The concept of Landscape, and why it is important to communities, is best expressed in the European Landscape Convention. In the ELC, landscape has been defined as

‘an area perceived by people whose character is the result of the action and interaction of natural and/or human factors.’

It promotes an understanding that landscape is a dynamic cultural and ecological system, which is both actual and conceptual. Additionally, it promotes more democratic and better integrated landscape governance and management. There are potential opportunities for the Devetaki Plateau Association to explore a landscape based approach to access, management and interpretation.

During our time in Bulgaria we discussed EcoMuseums with our hosts and the potential such an approach could have for the Devetaki Plateau Association. This model of landscape scale community planning and interpretation could prove a useful opportunity for future action.

Other opportunities for other forms of sustainable tourism activity which might be of interest could be a Dark Sky Observatory approach.

More broadly in terms of archaeological and heritage management it is clear from discussion in Bulgaria and subsequently reading the 2017 paper by Loulanski and Loulanski that are major issues of inadequate monument protection in the country. Such issues could be a focus for further research, training and management actions within a wider international context.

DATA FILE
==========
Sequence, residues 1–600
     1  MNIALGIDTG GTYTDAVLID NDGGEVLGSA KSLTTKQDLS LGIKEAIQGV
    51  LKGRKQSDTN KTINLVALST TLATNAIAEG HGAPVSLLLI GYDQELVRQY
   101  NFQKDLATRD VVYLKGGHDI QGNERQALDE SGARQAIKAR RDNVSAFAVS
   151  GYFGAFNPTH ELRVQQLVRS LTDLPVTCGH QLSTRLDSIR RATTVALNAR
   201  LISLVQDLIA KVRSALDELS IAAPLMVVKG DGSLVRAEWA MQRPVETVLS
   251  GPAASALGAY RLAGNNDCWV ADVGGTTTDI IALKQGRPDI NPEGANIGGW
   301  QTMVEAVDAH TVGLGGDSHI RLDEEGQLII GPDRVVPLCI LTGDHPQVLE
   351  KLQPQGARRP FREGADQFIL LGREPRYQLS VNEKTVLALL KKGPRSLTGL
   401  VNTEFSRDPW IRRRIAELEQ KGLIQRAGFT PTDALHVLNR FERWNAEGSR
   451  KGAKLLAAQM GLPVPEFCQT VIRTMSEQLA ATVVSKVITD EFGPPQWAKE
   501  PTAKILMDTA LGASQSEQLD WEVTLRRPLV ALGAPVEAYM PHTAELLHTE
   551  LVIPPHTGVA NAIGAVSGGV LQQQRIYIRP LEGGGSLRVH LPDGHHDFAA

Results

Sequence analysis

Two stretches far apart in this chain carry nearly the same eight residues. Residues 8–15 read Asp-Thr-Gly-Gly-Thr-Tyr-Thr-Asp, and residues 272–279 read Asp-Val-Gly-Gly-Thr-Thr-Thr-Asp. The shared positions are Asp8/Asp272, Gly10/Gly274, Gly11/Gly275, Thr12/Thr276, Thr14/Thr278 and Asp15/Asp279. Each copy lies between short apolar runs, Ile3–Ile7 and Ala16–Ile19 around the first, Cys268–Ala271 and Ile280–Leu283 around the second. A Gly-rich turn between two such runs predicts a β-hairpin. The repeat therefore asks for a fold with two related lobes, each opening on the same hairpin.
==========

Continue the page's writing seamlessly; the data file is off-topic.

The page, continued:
Finally the conversation with landscape, through more creative art and heritage practices could be useful for the Devetaki Plateau Association to explore further. Research and action around this would build on existing cultural programming (e.g. the Jazz Festival) and perhaps support opportunities for further exchange and collaboration between Bulgarian and Scottish practitioners and communities.

Acknowledgements

Thanks to Archnetwork, host organization Devetaki Plateau Association and my supporting organisation Archaeology Scotland. Special thanks to: Velichka and Encho Gankovski for hospitality and learning at Eco Art Guest House; Desislava Vudbra for the tour of the Trojan Museum; Maya Krasteva for such an interesting discussion around Bulgarian Crafts; for hospitality and learning at Bilkarska Guest House; and Iva Taralezhkova of Devetaki Plateau Association for such useful insights to their work. Particular thanks to Velis Chilingirova for coordinating the visit and providing support to the participants. Finally thanks for the mutual learning and support from the others from Scotland: Debbie, Gail, Kirsten, Kat, Libby, Matilda and Tom. Fabulous one and all.

Appendix of Useful Background Information:

Interest in Legislative and Policy Context

https://www.eui.eu/Projects/InternationalArtHeritageLaw/Bulgaria

https://ec.europa.eu/environment/archives/nature/calendar/bulgaria.htm

http://icomos-bg.org/?p=1&l=2

Archaeology & Heritage

http://www.archaeology.archbg.net/

http://lovico.eu/en/products/index/the-roman-road-line-1

Loulanski, T & Loulanski, V 2017 ‘Thracian Mounds in Bulgaria: Heritage at Risk’ The Historic Environment: Policy & Practice 8:3, 246-277.

Expendables Impacts on Devetashka Cave: https://www.youtube.com/watch?v=g2aJjseMQ6A